The idea came to Earth Day founder Gaylord Nelson, then a U.S. Senator from Wisconsin, after witnessing the ravages of the 1969 massive oil spill in Santa Barbara, California. Inspired by the student anti-war movement, Nelson realized that if he could infuse that energy with an emerging public consciousness about air and water pollution, it would force environmental protection onto the national political agenda.
Earth Day 1990 gave a huge boost to recycling efforts worldwide and helped pave the way for the 1992 United Nations Earth Summit in Rio de Janeiro. Earth Day 2012 will act as a launch pad for growing the environmental movement and will put forth a bold declaration demanding immediate action to secure Renewable Energy for All and a sustainable future for our planet.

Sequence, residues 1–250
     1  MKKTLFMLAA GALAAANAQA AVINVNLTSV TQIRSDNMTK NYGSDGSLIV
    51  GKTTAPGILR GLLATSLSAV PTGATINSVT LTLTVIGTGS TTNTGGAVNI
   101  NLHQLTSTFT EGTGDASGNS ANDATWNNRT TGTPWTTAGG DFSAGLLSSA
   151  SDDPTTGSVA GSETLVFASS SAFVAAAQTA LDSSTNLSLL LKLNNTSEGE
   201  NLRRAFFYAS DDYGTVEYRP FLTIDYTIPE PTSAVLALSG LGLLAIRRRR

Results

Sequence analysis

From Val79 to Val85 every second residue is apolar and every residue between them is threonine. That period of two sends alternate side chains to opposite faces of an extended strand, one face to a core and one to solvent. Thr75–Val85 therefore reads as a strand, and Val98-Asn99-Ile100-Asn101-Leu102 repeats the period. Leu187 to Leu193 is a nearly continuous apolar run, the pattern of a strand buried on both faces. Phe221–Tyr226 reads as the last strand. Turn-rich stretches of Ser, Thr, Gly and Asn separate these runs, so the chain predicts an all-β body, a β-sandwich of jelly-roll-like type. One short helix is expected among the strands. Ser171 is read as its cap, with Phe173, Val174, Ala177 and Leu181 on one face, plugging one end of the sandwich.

The movement will involve individuals of every age from all corners of the Earth, and will call upon local, national and international leaders to put an end to fossil fuel subsidies, embrace renewable energy technology, improve energy efficiency and make energy universally accessible.
Individuals, organizations, businesses and governments can voice their support for the A Billion Acts of Green® campaign by performing environmental actions and lending their names to this global referendum demanding change. The goal is to reach one billion actions by the UN Conference on Sustainable Development (Rio+20) in June 2012, to serve as a lever to address the UN’s inaction and inspire leaders to reach a global agreement at the conference.
It is always my belief that educating the youth about environmental sustainability can capture the attention of students, teachers, parents, the community, and beyond. Earth Day 2012’s education mission is simple: encourage as many students as possible to participate in Earth Day activities that teach the importance of civic and environmental responsibility.